The biggest idea I came away with after reading this book was the idea that we should always be looking to continuously improve. At one stage the book refers to Kaizen – a term from the Toyota Production System which means ‘continuous improvement’. As a result of reading this book I became more aware of this term and came across Kaizen Conf which took place in the US last week.
I think it would serve as a good introduction to the Agile world – it’s not quite as strict as something like Extreme Programming but it seems to get across most of the same ideas.
In the comments of my previous post on pairing Vivek made the following comment about when we should pair:
The simplest principle I have is to use “conscious” pairing vs. “unconscious” pairing. A pair should always *know* why they are pairing.
On previous projects I have worked on there have been several tasks where it has been suggested that there is little value in pairing. I decided to try and apply Vivek’s principle of knowing why we might pair on these tasks to see if there is actually any value in doing so.
The value from pairing on the build when its in its infancy shouldn’t be underrated – the build plays a vital role on projects – providing a decisive point of success or failure for the running of our code.
I have worked on teams where the velocity has plummeted due to a fragile build, eventually ending up in development being frozen while we put it back together again.
While I’m not saying these problems would be 100% avoided by having a pair working on the build – certainly having two people working on it (at least initially) helps reduce the possibility of crazy decisions being made.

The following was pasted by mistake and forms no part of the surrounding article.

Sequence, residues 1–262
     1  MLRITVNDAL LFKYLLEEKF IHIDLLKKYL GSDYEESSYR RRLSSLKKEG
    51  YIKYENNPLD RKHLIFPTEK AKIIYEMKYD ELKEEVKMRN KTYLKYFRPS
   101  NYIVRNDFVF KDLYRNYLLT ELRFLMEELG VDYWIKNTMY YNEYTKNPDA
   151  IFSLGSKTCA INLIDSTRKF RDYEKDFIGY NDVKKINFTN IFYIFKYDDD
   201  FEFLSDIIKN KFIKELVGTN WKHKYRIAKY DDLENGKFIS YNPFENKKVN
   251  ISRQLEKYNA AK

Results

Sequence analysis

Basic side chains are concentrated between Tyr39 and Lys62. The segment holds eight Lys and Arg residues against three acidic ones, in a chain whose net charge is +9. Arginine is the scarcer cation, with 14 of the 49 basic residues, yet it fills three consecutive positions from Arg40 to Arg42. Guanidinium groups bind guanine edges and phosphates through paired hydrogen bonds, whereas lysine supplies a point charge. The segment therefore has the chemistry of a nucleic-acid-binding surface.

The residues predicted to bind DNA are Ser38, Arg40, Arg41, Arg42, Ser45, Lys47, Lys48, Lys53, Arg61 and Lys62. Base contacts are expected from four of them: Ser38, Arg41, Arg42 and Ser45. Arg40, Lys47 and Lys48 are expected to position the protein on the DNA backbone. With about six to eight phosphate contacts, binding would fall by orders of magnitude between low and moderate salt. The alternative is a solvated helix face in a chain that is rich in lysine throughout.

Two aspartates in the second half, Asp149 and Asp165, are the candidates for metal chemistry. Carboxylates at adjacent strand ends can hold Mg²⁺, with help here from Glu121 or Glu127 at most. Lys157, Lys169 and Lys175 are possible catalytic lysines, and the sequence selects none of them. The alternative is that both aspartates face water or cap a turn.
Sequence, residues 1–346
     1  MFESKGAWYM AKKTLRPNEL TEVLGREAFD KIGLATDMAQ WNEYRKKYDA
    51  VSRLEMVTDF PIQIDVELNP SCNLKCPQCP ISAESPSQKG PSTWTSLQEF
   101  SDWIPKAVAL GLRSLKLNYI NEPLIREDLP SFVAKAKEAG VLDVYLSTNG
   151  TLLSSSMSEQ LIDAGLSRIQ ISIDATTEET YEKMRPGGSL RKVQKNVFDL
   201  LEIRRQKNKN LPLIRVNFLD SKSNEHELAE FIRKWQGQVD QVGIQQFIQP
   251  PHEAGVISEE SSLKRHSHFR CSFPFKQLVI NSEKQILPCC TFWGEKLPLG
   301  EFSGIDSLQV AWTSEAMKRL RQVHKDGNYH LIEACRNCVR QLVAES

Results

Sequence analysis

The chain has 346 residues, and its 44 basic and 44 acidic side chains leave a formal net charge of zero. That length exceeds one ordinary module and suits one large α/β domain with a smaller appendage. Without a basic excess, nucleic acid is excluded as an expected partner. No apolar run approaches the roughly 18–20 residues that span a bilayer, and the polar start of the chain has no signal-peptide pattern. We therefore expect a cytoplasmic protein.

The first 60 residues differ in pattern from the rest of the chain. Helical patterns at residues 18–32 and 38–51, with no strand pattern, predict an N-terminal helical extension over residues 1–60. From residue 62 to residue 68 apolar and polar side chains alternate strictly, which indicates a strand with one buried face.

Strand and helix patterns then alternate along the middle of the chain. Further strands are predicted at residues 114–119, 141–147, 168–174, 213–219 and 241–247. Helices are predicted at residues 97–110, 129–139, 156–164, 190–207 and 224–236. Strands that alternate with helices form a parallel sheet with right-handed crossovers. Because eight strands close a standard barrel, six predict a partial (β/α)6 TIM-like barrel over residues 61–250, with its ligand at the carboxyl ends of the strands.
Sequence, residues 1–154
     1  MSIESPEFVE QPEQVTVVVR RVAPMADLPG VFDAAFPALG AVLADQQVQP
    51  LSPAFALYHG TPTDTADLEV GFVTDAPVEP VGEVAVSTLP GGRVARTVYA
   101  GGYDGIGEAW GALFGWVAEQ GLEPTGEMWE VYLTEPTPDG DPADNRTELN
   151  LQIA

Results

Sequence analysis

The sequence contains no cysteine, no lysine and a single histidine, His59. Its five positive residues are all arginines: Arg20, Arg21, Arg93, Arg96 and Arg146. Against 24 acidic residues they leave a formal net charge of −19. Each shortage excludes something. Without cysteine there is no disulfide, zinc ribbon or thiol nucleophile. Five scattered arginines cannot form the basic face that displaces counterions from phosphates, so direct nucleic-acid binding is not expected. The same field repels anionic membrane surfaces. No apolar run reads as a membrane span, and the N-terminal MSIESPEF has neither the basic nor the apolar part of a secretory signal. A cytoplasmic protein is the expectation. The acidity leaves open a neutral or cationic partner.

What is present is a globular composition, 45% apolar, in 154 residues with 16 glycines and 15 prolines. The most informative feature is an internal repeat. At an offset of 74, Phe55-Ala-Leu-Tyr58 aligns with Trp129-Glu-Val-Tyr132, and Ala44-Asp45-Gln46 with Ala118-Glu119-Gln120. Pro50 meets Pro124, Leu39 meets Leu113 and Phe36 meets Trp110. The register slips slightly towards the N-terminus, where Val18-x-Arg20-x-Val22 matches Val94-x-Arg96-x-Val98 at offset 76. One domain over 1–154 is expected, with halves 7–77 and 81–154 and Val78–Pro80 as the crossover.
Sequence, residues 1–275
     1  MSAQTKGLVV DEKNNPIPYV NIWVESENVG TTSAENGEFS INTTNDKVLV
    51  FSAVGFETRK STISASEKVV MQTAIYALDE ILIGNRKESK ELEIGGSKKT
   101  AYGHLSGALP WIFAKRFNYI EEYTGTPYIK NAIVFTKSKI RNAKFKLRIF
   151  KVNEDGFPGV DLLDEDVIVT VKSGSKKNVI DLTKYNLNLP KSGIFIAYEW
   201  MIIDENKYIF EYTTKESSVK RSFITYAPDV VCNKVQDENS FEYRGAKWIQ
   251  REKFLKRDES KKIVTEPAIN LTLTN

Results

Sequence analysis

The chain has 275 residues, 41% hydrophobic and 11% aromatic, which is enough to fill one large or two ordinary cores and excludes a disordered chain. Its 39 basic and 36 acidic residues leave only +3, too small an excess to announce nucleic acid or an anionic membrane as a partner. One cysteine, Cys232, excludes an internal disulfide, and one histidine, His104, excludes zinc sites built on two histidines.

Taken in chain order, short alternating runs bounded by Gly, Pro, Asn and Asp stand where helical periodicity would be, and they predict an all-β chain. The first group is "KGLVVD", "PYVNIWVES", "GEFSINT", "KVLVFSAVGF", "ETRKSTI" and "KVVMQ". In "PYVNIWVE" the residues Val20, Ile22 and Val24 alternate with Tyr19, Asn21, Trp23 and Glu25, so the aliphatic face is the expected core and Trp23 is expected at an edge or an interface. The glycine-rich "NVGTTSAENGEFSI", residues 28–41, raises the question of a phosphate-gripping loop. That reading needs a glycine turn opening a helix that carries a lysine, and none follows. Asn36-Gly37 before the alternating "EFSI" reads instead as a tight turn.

If it’s not possible to put a pair on this then at least ensure that the approach being taken with the build is well communicated to the rest of the team so that suggestions can be made and then applied.
Verdict: Pair initially to get it setup. Maybe work alone for small fixes later on.
I have noticed that there are two types of ‘spiking’ that we typically end up doing:
- Spiking to work out how to use an API to solve a problem
- Spiking various different options to solve a problem
If the library to investigate is clear then it may be more beneficial to take a pairing approach. I have worked with colleagues before who had a much different approach to working out how an API should be used than I did and our combined approach has led to quicker understanding than working separately may have done.
When we need to investigate a lot of options then this investigation will certainly be completed more quickly if a pair splits up and investigates the options between them before coming back together to discuss their findings. When this initial (brief) investigation has been done then I have noticed it works quite effectively to revert to pairing to drill down into a specific library.
Verdict: Decide based on the spiking situation
If we’re doing our job properly as agile developers bugs should be relatively easy to pin down to a specific area of the code.
For these types of bugs the value of taking a pairing approach is that we’ll probably write a test to prove the existence of the problem and from my experience we get better tests when pairing.
An approach taken on a previous project was to have one pair focused on bugs and just going through them all until we cleared out the highest priority ones. Another interesting part of this for me is that I would normally consider bug fixing to be very boring but when done with a pair I actually quite enjoyed it and it was often fun hunting down problems.
Verdict: Have a bug fixing pair to clear out high priority bugs